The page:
DOJ requested data on 73 phone numbers and 36 email addresses from Apple of congress members and their families
June 14, 2021
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Judge Amy Coney Barrett faced a second round of questions from the Senate Judiciary Committee on Wednesday, the third day of her confirmation hearings for the U.S. Supreme Court.
The third day of Barrett’s hearings featured a second round of questioning from each of the committee’s 22 senators. Republicans projected confidence that Barrett will have the votes needed to be approved by the committee and the full Senate. The hearing concluded around 6 p.m. ET, about nine hours after it began. The first day of questioning on Tuesday stretched from 9 a.m. ET to late in the evening. On Thursday, the committee heard from experts for and against Barrett’s confirmation, and a committee vote is expected Oct. 22.
Democrats on the committee asked her to explain her positions on the Affordable Care Act, abortion rights, the upcoming election and other contentious issues that she might need to rule on if she is confirmed (NBC). Liberal senators continued to target an upcoming case on the Affordable Care Act, also known as Obamacare, which the Supreme Court is scheduled to hear on Nov. 10. Barrett has repeatedly refused to express an opinion on the case and has told the senators she would come to the bench with an open mind, but followed the model set by past nominees by declining to say much else. When Sen. Chris Coons, D-Del., suggested that Barrett would vote in the same way as the late Justice Antonin Scalia, a conservative for whom Barrett clerked early in her career, she fired back that “I assure you I have my own mind.”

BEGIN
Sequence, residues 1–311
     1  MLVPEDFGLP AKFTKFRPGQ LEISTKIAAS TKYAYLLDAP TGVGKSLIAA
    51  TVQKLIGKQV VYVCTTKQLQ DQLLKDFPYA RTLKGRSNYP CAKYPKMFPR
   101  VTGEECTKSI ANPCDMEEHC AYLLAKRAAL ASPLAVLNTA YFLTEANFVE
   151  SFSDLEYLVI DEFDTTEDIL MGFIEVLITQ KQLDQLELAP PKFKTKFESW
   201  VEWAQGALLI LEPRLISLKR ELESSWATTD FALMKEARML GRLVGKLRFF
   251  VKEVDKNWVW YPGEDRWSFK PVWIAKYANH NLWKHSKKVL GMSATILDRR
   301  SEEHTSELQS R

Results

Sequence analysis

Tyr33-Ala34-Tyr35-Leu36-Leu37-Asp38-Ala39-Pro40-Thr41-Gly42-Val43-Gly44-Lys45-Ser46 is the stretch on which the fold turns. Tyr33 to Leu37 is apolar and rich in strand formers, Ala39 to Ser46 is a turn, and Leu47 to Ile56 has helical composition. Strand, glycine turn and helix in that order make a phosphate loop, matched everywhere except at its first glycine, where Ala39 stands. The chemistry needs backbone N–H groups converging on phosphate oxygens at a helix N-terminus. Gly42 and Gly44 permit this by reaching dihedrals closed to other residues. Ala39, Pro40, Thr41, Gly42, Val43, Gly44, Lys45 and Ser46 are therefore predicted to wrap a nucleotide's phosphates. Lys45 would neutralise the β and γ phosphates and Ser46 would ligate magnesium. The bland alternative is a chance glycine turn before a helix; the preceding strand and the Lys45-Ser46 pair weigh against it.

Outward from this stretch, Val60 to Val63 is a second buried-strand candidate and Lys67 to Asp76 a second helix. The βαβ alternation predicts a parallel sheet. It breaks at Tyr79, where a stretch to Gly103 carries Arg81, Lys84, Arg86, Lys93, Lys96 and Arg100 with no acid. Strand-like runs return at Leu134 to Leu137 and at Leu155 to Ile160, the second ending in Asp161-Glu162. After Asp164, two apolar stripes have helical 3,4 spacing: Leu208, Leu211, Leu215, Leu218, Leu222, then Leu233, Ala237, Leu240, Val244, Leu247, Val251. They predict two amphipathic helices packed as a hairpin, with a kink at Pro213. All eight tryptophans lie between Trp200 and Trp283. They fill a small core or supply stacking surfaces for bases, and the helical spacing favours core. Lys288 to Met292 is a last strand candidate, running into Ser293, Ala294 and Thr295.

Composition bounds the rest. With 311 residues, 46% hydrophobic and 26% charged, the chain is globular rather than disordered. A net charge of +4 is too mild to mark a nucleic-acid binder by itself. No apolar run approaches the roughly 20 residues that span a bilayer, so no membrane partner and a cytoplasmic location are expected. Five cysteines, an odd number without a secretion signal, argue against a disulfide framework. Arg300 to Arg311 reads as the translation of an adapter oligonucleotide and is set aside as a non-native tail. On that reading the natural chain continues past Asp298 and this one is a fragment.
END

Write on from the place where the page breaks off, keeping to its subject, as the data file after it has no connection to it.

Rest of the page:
After Sen. Dianne Feinstein of California, the committee’s ranking Democrat, asked Barrett whether she agreed with some originalist legal scholars who believed that the Medicare program was unconstitutional, Barrett said she could not respond, citing what she has called the “Ginsburg Rule” of “no hints, no previews, no forecasts.” “It’s hard for me to believe that that’s a real question. Because I think the Medicare program is really sacrosanct in this country,” Feinstein responded.
Barrett also declined to weigh in on Shelby County v. Holder, a landmark 2013 case that weakened the Voting Rights Act, and an April decision from the Supreme Court that shortened the period allowed for casting absentee ballots in Wisconsin. “It’s the kind of case that could come up in a closely related form, either on the 7th Circuit, or on the Supreme Court,” Barrett said. Barrett would not tell Coons whether the 1965 case Griswold v. Connecticut, which protects the right of married couples to purchase contraception, was correctly decided, though she said the question had become largely academic because the precedent was unlikely to be challenged.
Sen. Ted Cruz, R-Texas, said that Democrats’ questions suggested they were “treating this hearing as a policy hearing.” “At times I have been confused and thought we were on the Health Committee, and not the Judiciary Committee,” Cruz said. He said that the focus on upcoming cases rather than Barrett’s qualifications “revealed very good news.” “Judge Barrett is going to be confirmed by this committee, and by the full Senate,” Cruz said (CNBC).
“I would like you to keep in mind how many people are listening and watching because they may take a message from what you say and they may see what you say and decline from using contraceptives or may feel they could be banned,” Sen. Richard Blumenthal, D-Conn., told Barrett. “I would be surprised if people thought that birth control would be criminalized,” the judge replied. Blumenthal then said people are scared that marriage equality will be “cut back” and that their relationships could be criminalized. “To suggest that’s the kind of America I want to create isn’t based on any facts in my record,” Barrett said.
Iowa Republican Sen. Chuck Grassley, who has long pushed for more visibility in the high court’s proceedings, asked Barrett about her thoughts on live-streaming court proceedings. Barrett told Grassley she’d “keep an open mind” about getting cameras in the court. Sen. Ben Sasse, R-Neb., disagreed with Grassley, saying filming court proceedings would lead to “Michael Avenatti nonsense” and “theatrics.”
ARTICLE: CARSON CHOATE, POLITICS EDITOR